Nothing Measured, Everything Gained
One hundred and sixty years ago, historian Thomas Carlyle educed "the dismal science" epithet to describe economics. How ironically appropriate, considering how thoroughly dismal Carlyle was.
But that doesn't mean Carlyle's pithy observation lacks truth. Economics can be a dismal science, and never more so than when practiced under the aegis of macroeconomics, which Merriam-Webster defines as "a study of economics in terms of whole systems especially with reference to general levels of output and income and to the interrelations among sectors of the economy."
The definition alone suggests manipulation and charlatanry, particularly if one is prescriptively inclined — and most who study macroeconomics are prescriptively inclined, and therein lies the dismal problem.
The aggregate economy involves so many interrelations, permutations, combinations, interpolations, extrapolations, and other "ations" of inputs and outputs and wants and desires that arriving at a meaningful measure of an entire system or a general level of anything is as likely as Hollywood accurately depicting an entrepreneur.
Nevertheless, that irritating fact fails to deter the prescribing economists from prescribing. Perhaps it is hubris that overrides their intellectual sense of the possible. Peter Klein suggests as much in his November 2006 Mises Daily posting, "Why Intellectuals Still Support Socialism," when he refers to Dwight Lee's cogent observation on the academic propensity to pry and provoke. Says Lee,
Like every other group, academics like to exert influence and feel important. Few scholars in the social sciences and humanities are content just to observe, describe, and explain society; most want to improve society and are naive enough to believe that they could do so if only they had sufficient influence. The existence of a huge government offers academics the real possibility of living out their reformist fantasies.
The government is huge, to be sure, and alluring. Klein also reveals, in the same posting, a couple enlightening numbers on economists and their relationship with government:
The US federal government employs at least 3,000 economists — about 15% of all members of the American Economic Association. The Federal Reserve System itself employs several hundred. There are also advisory posts, affiliations with important government agencies, memberships of federally appointed commissions, and other career-enhancing activities.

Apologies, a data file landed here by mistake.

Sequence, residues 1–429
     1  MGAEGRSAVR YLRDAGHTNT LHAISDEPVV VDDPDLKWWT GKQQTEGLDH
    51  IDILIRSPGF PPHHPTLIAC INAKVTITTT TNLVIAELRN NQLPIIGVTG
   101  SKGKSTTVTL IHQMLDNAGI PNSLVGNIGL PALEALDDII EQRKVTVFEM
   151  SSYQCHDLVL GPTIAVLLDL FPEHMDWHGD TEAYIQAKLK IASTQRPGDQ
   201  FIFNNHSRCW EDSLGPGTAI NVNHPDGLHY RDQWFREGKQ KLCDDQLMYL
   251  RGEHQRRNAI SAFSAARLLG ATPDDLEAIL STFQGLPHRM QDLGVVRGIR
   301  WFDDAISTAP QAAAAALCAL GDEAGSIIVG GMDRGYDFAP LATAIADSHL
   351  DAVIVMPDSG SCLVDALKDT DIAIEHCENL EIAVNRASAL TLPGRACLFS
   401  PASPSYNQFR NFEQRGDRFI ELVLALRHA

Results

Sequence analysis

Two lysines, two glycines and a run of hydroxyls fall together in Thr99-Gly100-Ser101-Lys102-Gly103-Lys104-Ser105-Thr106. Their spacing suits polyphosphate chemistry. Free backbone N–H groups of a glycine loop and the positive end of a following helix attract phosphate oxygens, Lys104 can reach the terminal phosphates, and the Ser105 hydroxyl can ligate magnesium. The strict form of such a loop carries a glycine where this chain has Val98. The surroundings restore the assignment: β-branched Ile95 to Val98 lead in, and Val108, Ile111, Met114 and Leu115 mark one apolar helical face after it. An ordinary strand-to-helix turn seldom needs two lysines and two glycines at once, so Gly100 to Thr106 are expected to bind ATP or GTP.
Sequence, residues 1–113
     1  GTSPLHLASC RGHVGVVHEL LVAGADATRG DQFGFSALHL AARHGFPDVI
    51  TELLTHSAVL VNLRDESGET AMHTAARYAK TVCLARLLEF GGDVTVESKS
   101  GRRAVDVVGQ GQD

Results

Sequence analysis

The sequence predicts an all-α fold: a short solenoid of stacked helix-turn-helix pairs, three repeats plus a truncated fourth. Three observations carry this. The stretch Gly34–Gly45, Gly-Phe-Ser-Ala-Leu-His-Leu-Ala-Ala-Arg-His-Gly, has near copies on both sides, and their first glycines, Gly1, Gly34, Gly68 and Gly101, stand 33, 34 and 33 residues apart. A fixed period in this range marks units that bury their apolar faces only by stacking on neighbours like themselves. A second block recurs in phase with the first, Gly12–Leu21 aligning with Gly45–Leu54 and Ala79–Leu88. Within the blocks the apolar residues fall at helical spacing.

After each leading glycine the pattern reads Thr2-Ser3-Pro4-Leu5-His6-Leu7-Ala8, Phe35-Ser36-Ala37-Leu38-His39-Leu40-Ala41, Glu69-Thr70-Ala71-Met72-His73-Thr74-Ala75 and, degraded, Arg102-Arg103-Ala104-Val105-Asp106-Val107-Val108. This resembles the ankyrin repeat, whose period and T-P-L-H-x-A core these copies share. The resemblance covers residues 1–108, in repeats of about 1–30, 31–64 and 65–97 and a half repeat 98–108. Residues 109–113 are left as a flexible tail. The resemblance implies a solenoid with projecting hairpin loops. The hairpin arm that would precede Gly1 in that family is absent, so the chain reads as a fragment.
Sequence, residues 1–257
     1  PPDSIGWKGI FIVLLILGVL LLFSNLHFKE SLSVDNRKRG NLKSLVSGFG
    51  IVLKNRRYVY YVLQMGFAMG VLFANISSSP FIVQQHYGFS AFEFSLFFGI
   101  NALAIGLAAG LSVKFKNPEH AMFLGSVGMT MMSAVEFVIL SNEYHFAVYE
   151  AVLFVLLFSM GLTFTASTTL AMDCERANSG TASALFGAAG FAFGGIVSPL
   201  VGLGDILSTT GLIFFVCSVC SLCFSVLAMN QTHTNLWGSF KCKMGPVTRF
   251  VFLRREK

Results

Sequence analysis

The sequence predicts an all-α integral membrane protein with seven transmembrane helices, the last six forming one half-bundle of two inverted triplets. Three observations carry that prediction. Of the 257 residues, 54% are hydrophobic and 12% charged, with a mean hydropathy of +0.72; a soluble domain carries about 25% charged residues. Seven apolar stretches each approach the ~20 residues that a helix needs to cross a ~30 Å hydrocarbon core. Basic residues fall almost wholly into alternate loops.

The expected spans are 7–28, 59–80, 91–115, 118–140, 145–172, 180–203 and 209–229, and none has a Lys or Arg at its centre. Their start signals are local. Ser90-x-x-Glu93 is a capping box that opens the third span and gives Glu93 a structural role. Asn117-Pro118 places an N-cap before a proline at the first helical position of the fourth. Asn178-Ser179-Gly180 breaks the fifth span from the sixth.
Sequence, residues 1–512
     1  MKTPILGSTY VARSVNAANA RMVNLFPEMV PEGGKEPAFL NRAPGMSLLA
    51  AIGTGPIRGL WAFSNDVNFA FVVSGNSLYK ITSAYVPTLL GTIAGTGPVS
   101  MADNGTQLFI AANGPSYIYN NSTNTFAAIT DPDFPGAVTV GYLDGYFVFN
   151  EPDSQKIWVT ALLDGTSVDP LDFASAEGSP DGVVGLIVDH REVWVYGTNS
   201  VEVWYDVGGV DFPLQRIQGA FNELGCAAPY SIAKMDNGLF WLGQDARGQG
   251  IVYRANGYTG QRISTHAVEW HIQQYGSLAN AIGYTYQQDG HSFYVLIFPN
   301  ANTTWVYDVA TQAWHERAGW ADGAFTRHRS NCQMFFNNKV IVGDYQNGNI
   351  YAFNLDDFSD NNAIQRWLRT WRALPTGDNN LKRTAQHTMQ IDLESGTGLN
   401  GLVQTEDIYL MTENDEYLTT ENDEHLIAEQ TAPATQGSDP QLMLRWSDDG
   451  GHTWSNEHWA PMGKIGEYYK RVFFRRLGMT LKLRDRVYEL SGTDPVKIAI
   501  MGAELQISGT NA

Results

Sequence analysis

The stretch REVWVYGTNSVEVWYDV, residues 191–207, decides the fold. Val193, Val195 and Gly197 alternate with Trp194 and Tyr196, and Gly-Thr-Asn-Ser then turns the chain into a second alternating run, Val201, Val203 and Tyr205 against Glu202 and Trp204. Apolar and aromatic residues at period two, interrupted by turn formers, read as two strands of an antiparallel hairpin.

Bureaucrats don't employ so many economists and number manipulators just to inform and explain; that would be purely descriptive, and there's no glory in that. No, bureaucrats want action, and they want the numbers (bogus or otherwise) and theories (bogus or otherwise) to support whatever prescription they believe will cure whatever they believe ails us.
The process can get minutely granular. On December 1, 2009, Bloomberg.com posted a hagiography on the Director of the Office of Management and Budget, Peter Orszag, providing an insightful example of a prescriptive macro-economist in action at a mini-me macro level:
Orszag put behavioral economics to work at the OMB. In October, he dipped into his own bank account to buy pedometers, betting that measuring steps could improve physical fitness on the cheap. The almost 300 staffers who took the challenge walked 26,000 miles during the inaugural month.
And therefore what? Bloomberg fails to mention that if Orszag had gathered information on miles walked in the previous months, at least, then the 26,000 could have a modicum of meaning. Bloomberg also failed to say whether Orszag calculated BMI on each pedometer recipient to produce a group-average BMI. Did he simply eyeball the joint and notice most were fat?
Not that it matters — delving into the perceived problem would have been a dismal waste of time anyway. It's impossible to capture all the individual motives that produce an overweight, underweight, or fit society, even in such a small sample. To produce a one-size-fits-all remedy — in this case, pedometers — for a meaningless average of inchoate data is an even greater waste of time. Orszag is putatively a brilliant economist, and yet I would bet Segways to pedometers he wasted roughly $3,000 (a low-end pedometer costs around $10 on Amazon.com) on his prescription.
Now imagine many putatively "brilliant" economists, all inflated with a similar I-know-best arrogance, inspecting an array of gross statistics to arrive at similar feckless prescriptions. One can only imagine the unintended consequences.
Actually, one need not imagine, if one has a sufficient short-term memory to remember the grossly misnamed stimulus package — an $800-billion, decidedly nonstimulative political-kickback fund to sundry government entities covering the country.